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New York, Chicago fill April

The month of April found one weekend spent at home sandwiched between a pair of road trips.

The month of April found one weekend spent at home sandwiched between a pair of road trips. The first trip found me flying to New York City to participate in the annual spring trustees board meeting of the American Numismatic Society on the month’s second weekend. The weekend following found me driving to the Chicago area to attend the 35th annual CICF production at Rosemont.


My early morning routine didn’t have to be changed for the New York City getaway, as my United Express flight out of Appleton was scheduled for a 9:33 a.m. departure. With on-time departures out of both Appleton and O’Hare, and a straight in approach at LaGuardia, with my suitcase being first out at the baggage carousel, I was on the ground by 3 p.m. and headed into Manhattan within minutes. A quick taxi ride by way of the Queens Midtown Tunnel delivered me to the Hampton Inn SoHo on Watts Street by about 3:45 p.m.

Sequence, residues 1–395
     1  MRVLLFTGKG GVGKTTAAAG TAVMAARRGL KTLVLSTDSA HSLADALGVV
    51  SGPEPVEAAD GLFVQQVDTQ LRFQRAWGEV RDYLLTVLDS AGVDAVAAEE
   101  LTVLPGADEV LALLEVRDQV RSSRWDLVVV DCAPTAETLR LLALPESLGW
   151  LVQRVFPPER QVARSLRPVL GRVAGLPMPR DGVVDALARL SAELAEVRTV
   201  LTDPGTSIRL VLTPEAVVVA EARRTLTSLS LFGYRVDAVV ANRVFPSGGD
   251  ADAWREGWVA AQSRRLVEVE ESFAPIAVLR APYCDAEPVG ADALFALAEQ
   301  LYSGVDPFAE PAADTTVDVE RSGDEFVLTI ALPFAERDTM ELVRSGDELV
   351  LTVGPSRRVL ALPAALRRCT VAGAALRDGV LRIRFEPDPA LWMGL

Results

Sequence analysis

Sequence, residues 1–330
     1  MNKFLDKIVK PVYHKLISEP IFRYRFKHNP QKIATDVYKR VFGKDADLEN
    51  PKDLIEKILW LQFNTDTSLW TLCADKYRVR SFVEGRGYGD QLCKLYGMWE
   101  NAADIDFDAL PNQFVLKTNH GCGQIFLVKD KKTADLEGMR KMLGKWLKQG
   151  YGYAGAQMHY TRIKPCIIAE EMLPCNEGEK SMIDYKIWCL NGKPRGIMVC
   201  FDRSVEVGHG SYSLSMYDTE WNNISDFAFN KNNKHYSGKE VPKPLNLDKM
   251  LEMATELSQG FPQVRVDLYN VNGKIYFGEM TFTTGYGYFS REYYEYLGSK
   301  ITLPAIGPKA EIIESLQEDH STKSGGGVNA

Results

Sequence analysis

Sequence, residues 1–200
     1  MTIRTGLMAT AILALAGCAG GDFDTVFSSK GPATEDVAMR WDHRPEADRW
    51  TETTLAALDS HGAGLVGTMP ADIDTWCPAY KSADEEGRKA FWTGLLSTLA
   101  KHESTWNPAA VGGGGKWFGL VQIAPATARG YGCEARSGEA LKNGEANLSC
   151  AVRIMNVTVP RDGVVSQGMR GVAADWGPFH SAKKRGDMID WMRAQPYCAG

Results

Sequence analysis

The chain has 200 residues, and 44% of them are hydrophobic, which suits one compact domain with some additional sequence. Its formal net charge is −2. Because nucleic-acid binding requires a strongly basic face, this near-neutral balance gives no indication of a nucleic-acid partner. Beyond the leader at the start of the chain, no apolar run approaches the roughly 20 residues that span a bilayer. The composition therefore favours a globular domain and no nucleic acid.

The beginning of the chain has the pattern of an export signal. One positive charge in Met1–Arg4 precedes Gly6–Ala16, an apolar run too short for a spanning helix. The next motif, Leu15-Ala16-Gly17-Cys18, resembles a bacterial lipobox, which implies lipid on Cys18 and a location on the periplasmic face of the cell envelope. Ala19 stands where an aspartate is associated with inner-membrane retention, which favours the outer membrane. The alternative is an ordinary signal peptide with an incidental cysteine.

I unpacked and settled into my room, then caught up on the early evening news. At about 5 p.m. I headed out for a leisurely walk around the area, stopping at the restaurant Chicci on Spring Street at about 6 p.m. for a delicious sea bass dinner. The forecast was for rain in the morning, so I then spent about an hour walking along Canal Street into Chinatown, then down Broadway to Chambers, then up Church Street along the eastern edge of TriBeCa, getting back to the hotel around 8 p.m.